Eat for the Heart

Heart disease is extremely common in North America and a poor diet and lifestyle is often to blame. With many of us living high stress lives due to daily demands and not taking time to cook or exercise, our health tends to suffer. 

If heart disease is common in your family, take preventative measures now by cutting down on processed foods that are high in fat, sugar and sodium while making time to prepare your own wholesome meals. I have broken down some specific health supportive foods and beverages to incorporate into your everyday diet.  

Tomatoes
Tomatoes are full of heart-healthy potassium that helps to balance the sodium in our diets, which in excess can increase blood pressure. They also contain a carotenoid called lycopene that opens blood vessels for greater flow to and from the heart. Try a hearty bowl of homemade vegetarian chili or an all natural tomato sauce for a concentrated source of lycopene.

Go Nuts for Nuts

Almonds, macadamia, Brazil nuts, pistachios and walnuts are all excellent sources of vitamin E; a factor in lowering “bad” cholesterol. May people avoid nuts because they are high in fat when in fact; those who consume them are more likely to have a lower body mass and less risk of heart disease. When choosing nuts, look for fresh, organic and raw varieties without added oil and salt.


 
Olives
Olives and cold pressed olive oils are a rich source of monounsaturated fat known to lower cholesterol and blood sugar levels.
They are abundant in the Mediterranean diet where heart disease is less common. Snacking on olives before dinner is a healthy way to satiate your hunger so you don’t over eat.
 
Lentils and Legumes
An excellent source of plant based protein, high in fibre and low in saturated fat; legumes, beans and lentils should be made a part of your daily diet if not already. Not only does the fibre lower cholesterol, it helps balance blood sugar levels in people with diabetes. One complication of diabetes can be heart disease. Try replacing a couple of animal protein meals during your week with ½ cup of lentils or beans or try this easy, all-natural lentil soup from Soup Girl.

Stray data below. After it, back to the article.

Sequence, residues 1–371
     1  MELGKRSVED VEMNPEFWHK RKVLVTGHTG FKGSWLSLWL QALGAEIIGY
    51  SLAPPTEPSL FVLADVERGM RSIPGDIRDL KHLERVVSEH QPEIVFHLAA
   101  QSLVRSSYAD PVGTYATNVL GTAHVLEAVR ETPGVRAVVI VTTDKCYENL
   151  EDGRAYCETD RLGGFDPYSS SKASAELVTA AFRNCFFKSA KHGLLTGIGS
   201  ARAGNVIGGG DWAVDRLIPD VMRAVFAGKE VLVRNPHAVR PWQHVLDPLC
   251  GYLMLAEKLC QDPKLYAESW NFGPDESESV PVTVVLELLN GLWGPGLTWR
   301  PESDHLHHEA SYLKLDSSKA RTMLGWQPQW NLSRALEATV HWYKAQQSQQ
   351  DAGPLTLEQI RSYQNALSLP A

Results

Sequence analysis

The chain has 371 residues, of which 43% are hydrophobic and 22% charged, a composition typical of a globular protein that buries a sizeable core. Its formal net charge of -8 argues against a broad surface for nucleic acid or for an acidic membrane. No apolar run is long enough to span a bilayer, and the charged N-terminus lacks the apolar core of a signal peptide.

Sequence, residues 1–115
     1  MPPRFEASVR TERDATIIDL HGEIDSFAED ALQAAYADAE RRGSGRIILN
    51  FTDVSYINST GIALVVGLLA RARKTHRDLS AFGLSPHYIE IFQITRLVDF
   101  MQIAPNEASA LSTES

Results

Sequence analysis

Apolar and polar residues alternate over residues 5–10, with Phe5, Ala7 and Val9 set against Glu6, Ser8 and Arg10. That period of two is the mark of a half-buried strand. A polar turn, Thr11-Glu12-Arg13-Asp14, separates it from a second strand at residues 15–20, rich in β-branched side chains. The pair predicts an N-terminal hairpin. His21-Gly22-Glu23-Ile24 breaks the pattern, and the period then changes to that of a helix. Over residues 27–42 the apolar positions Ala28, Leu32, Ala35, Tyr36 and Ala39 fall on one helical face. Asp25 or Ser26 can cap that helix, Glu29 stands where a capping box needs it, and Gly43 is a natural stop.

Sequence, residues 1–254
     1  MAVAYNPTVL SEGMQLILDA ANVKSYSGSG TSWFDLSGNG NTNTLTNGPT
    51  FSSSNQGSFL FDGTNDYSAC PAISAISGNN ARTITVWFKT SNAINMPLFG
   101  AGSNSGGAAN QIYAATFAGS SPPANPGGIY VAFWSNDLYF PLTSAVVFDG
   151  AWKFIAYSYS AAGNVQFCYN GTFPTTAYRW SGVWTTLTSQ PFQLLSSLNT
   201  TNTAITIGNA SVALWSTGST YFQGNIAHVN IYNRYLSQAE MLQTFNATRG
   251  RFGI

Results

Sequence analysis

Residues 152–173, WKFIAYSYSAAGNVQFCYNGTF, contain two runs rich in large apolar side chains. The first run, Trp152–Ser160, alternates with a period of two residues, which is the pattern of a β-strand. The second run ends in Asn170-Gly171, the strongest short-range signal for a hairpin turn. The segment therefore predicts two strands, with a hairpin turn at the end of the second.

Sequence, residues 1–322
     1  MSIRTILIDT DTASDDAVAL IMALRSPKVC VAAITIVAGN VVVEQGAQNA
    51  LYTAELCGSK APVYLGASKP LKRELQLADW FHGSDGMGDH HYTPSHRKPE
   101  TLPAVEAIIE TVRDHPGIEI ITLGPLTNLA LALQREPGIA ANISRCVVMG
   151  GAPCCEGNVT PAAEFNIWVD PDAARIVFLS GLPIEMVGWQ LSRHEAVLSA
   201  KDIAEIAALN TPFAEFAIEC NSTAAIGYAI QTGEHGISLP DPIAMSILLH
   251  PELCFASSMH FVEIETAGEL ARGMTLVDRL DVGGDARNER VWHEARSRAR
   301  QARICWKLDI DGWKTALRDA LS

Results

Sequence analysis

Oats
Oats are another inexpensive source of soluable fibre. They act like a sponge in the digestive system by soaking up excess cholesterol and eliminated from the body. Make your own oatmeal in the morning with almond milk, cinnamon, chopped apple, crushed walnuts and a splash of pure maple syrup. This way you control the amount of sugar, fat and sodium that goes into your food. 


 

Green tea

Studies show that those who regularly sip this antioxidant rich beverage have a significant reduced risk of cardiovascular disease and stroke compared to those who don't drink green tea. This powerful tea has also been linked to reduced sugar cravings. Try matcha green tea powder in your morning smoothie for an energy boost. 

Pomegranates 

Also a high source of antioxidants, including heart-promoting polyphenols and anthocyanins which may help stave off hardening of the arteries and improve blood flow. Try them thrown into salads or top yogurt. 

 
Dark Chocolate
 
Raw, dark chocolate varieties made up of at least 60-70% cocoa contains flavonoids called polyphenols, which may help blood pressure, clotting, and inflammation. Try to stay away from the milk varieties which are mostly sugar and dairy in order to reap all the benefits. Personally, I like to enjoy a couple squares of my favourite dark chocolate from Giddy Yo Yo everyday.  


 
Red Wine –In Moderation!
 
A small glass of good quality red wine may help to reduce blood pressure, open the arteries and allow for greater blood flow. The Polyphenols also found in grape skin are a source of antioxidants which protect the heart and skin from aging. 


Heart Healthy Lifestyle

In addition to including these specific foods in your diet, it's important to exercise regularly by increasing your heart rate. Find an activity you enjoy doing whether it's running, sports, yoga, dancing or simply going for a walk. Exercise also doubles as a stress relief which is an important factor in keeping your heart healthy.

 

About Emily:

Emily Sawyer is a Certified Nutritional Practitioner with a love for good, wholesome food. She is also the Director of Operations and Community Care at Jule's Wellness. Emily believes in living a balanced life for optimal health and well-being. This means not depriving yourself of the foods you love, but rather choosing healthier versions of them and eating mindfully. Her holistic approach to living encompasses the belief that the entire body is connected. Through her Holistic Health coaching services, Emily gives you the tools and support needed to live your best life.

 Connect with Emily for a FREE 15 minute consultation. 

 


Emily Sawyer

Author